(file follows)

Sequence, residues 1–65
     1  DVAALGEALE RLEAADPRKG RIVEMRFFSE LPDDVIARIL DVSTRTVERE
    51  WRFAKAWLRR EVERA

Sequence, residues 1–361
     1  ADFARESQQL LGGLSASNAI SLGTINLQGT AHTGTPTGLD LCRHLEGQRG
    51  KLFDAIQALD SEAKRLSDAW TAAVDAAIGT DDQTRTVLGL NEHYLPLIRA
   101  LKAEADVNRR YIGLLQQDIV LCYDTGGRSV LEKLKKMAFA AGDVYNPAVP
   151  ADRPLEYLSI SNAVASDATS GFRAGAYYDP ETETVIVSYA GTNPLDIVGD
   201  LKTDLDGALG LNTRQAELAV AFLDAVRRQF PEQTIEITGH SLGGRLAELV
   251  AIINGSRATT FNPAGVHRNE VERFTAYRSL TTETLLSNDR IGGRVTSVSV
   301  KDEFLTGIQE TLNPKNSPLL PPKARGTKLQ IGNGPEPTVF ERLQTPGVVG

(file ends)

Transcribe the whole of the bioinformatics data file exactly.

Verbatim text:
Sequence, residues 1–65
     1  DVAALGEALE RLEAADPRKG RIVEMRFFSE LPDDVIARIL DVSTRTVERE
    51  WRFAKAWLRR EVERA

Sequence, residues 1–361
     1  ADFARESQQL LGGLSASNAI SLGTINLQGT AHTGTPTGLD LCRHLEGQRG
    51  KLFDAIQALD SEAKRLSDAW TAAVDAAIGT DDQTRTVLGL NEHYLPLIRA
   101  LKAEADVNRR YIGLLQQDIV LCYDTGGRSV LEKLKKMAFA AGDVYNPAVP
   151  ADRPLEYLSI SNAVASDATS GFRAGAYYDP ETETVIVSYA GTNPLDIVGD
   201  LKTDLDGALG LNTRQAELAV AFLDAVRRQF PEQTIEITGH SLGGRLAELV
   251  AIINGSRATT FNPAGVHRNE VERFTAYRSL TTETLLSNDR IGGRVTSVSV
   301  KDEFLTGIQE TLNPKNSPLL PPKARGTKLQ IGNGPEPTVF ERLQTPGVVG